Cable Jacks and Wall Plates Tips

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What should I know when ordering a custom wall plate?

Custom Wall Plates

Do you need a cable wall plate with a VGA and two DVI cut outs? Do you want to add an HDMI cut out as well? Does all of this sound Greek to you? The terms are connector types, which you should know when ordering a custom wall plate.

Here is an example of some of the connector types you can choose from to suit your technology, courtesy of datapro.net:

  • HDMI: for new high-definition digital video and audio
  • DVI: for digital LCD screens, plasma TVs and other flat panel displays
  • VGA: for analog CRT monitors, projectors, and some LCD screens
  • USB: for all high-speed peripherals in both "A" type and "B" type
  • S-Video: for TV displays from VCRs, DVDs and some graphics cards
Having a custom-created wall plate means you can choose not only the type of ports, but how many ports and where exactly you want the ports on your plate. This way it will perfectly fit your technology.

Custom-made wall plates is a popular option for classrooms, computer labs and home theater systems -- all which have a lot of different kinds of equipment.

   
What is a wall plate?

What Wall Plates Do

Wall plates provide the finishing touch to your cable routing. A wall plate can come in a variety of colors to match your room's decor and, when put on the wall, provide a nice neat frame for your cables or wires. There are electrical wall plates that cater to RJ-45 jacks, RCA jacks, speaker wires and more.

Experts say it is a good idea to leave an unused position in a wall plate for future expansion. You can use a blank insert to cover up the unused position if you'd like.

   
What does RJ mean when talking about jacks?

About Registered Jacks

If you are doing a Keystone jack installation, it's helpful to know what "RJ" means because you will see it a lot when referring to wiring jacks.

"RJ" means "registered jack." It sounds simple enough, but it's actually become a complicated term in the industry. That's because it is often used incorrectly.

You will see numbers like RJ-11 and RJ-45 to refer to jacks. These used to refer to different wiring schemes for modular jacks. Today, we still use the RJ configurations, but not in the original way they were intended by the Universal Service Ordering Codes (USOC) back in the day. And this can be confusing.

Therefore, industry experts say the most accurate way you can identify a jack, and leave no room for misinterpretation, is to leave out the RJ and instead specify the number of positions (width opening) and conductors on the jack. For example, a "6-position, 4-conductor" jack.

   
What is a Keystone jack?

What is a Keystone Jack?

A Keystone jack, which is used in local area networks (LANs), is a female connector used in data communications.

Typically, the jack is mounted in a wall plate or patch panel. The matching male connector, or the Keystone plug, is usually attached to the end of a cable or cord.

   
What terminology should I know when buying connector jacks?

Terminology You Should Know When Dealing With Jacks

If you are looking to buy Ortronics connector jacks or other types of jacks, you will run across the terminology "category 5e" a lot. Here is some terminology you should know, courtesy of lanshack.com:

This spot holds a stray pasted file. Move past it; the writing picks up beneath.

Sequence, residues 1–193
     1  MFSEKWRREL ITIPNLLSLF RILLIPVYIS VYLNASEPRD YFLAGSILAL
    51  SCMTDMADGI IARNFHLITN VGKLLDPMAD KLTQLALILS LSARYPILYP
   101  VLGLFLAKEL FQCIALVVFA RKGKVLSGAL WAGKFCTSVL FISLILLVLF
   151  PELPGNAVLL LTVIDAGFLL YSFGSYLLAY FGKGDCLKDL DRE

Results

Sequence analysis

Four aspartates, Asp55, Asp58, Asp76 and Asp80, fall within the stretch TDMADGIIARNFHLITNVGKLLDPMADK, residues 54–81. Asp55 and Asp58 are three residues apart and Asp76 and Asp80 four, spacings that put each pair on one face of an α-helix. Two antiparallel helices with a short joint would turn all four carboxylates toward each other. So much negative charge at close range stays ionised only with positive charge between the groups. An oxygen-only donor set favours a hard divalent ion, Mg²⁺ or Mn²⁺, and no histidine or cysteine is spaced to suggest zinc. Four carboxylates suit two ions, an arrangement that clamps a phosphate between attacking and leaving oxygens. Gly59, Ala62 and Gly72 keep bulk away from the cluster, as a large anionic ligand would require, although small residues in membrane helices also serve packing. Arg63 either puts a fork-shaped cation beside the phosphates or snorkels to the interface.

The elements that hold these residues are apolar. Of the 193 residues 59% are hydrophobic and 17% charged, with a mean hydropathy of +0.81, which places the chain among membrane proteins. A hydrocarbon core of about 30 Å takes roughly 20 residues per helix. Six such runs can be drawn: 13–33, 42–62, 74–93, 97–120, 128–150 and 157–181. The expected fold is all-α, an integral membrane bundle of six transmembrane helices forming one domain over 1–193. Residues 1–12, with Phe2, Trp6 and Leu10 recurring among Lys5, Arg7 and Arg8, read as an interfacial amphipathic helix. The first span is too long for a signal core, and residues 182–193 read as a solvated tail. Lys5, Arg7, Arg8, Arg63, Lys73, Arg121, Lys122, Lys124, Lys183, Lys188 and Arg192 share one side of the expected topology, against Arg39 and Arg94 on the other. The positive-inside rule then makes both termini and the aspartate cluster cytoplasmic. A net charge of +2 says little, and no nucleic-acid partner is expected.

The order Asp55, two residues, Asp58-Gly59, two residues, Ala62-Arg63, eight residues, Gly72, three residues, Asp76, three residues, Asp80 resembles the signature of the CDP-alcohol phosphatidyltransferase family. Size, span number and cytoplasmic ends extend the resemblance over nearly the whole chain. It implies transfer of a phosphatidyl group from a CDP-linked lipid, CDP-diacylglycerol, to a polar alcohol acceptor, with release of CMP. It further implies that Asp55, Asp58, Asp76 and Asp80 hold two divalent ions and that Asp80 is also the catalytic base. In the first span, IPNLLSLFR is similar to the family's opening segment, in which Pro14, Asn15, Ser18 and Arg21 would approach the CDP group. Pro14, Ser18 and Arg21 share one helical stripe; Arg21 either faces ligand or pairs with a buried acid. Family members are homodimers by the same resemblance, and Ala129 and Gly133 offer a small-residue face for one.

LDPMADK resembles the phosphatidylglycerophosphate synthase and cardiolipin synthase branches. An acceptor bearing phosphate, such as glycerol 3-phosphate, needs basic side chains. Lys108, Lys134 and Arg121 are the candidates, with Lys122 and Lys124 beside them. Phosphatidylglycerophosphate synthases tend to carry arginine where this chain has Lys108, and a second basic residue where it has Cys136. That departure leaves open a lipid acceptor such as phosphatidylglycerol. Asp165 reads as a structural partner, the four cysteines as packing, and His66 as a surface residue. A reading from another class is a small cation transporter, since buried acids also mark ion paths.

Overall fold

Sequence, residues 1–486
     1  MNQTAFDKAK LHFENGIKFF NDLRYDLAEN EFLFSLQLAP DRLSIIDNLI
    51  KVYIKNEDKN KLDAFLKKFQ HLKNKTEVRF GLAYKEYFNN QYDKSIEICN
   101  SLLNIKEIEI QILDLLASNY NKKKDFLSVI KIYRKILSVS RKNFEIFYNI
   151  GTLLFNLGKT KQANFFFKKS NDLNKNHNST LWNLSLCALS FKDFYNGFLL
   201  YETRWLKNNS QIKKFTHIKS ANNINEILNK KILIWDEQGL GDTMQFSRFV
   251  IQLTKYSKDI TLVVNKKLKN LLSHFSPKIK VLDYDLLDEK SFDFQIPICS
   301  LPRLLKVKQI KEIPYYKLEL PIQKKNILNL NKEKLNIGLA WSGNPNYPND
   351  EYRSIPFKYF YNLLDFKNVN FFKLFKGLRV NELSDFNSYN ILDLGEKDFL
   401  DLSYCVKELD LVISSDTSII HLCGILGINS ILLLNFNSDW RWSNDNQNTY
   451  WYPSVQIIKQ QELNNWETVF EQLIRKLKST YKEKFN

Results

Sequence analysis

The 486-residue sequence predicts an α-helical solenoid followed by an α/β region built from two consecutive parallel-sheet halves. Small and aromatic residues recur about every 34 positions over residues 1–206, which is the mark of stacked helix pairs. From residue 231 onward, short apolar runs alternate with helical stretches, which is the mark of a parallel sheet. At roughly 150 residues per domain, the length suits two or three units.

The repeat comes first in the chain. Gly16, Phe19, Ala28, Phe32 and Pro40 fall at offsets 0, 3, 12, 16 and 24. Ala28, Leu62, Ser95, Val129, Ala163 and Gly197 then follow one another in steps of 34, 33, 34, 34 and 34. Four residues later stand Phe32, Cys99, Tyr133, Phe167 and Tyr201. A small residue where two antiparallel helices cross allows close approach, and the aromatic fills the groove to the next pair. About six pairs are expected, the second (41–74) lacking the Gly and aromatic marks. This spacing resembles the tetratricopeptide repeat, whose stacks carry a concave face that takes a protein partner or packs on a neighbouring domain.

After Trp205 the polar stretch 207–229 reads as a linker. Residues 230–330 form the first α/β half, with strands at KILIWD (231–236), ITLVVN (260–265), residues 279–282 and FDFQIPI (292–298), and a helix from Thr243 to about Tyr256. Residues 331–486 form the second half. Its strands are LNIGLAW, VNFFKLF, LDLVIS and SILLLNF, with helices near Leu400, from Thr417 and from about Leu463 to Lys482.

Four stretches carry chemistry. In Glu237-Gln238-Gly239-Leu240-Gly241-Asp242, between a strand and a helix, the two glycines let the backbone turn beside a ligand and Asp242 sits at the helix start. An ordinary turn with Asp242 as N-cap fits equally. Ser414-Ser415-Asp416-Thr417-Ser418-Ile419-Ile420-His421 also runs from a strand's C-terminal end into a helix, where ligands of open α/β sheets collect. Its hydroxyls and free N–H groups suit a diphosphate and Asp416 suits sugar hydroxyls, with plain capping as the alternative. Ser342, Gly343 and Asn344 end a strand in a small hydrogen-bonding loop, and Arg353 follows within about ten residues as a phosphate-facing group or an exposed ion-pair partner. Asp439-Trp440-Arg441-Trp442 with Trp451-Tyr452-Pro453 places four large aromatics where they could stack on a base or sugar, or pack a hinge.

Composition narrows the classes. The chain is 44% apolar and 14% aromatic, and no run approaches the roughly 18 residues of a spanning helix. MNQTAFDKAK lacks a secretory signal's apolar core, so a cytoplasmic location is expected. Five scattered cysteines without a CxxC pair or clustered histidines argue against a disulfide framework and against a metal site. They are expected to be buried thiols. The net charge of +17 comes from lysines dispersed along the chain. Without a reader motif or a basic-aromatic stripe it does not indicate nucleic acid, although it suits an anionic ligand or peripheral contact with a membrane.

• Category 5 (or cat 5) UTP (unshielded twisted pair) cable is a multipair (usually four pair) high performance cable that is made up of a twisted pair of conductors used mainly for data transmission. The twisting of the pairs makes the cable more immune to unwanted interference. This is the most common type of cabling system in the United States.
  • Category 5e (or cat 5e) cable: the same as category 5 except it is enhanced. It is recommended over category 5 for all new installations.
  • Category 5 SCTP (screened twisted pair): a category 5 cable where the twisted pairs are given additional protection from unwanted interference from an overall shield.
  • Category 5e patch panel: a series of many category 5e jacks condensed onto a single panel.
  • Category 5e patch cable: a length of category 5e cable with an RJ-45 male connector crimped onto each end.
  • Category 6 (or cat 6) cable: same as category 5e, except it is made to a higher standard.
  • EIA/TIA 568A standard: since 1991 it has been the standard for connectivity. This set the minimum standards for category 5e cable and hardware. The 568 "standard" should not be confused with 568A or 568B wiring schemes, which are themselves part of the 568A standard.

   
How do you assemble a Keystone jack?

Assembling Keystone Jacks

Here is how to perform a Keystone jack installation and a Keystone jack termination with Keystone RJ-45 (network jacks), RJ-12 (telephone jacks) and miscellaneous jacks, courtesy of 9thtee.com.

  1. Strip the cable: trim the jacket of the cable back about an inch. If you damage the conductors, cut the cable off and start again. Fan out all four twisted pairs.
  2. Align the wires in the slots: following the instruction of the color-coded wire positions on the jack, lay the conductors into the punch down slots. Note that some connections will be at 90 degrees of the jack and others will go right out the back of the jack.
  3. Do a Keystone jack termination of the wires in the slots: the RJ-45 jack inserts are self terminating. A plastic header is included that is snapped down over the connector and provides a secure connection. Make sure that the wires are in the proper slot. Press the plastic header down over the wires until the header bottoms out on the top of the terminal.
  4. Install insert into wall plate: hook the bottom latch first and carefully push up on the insert, engaging the upper latch.

   
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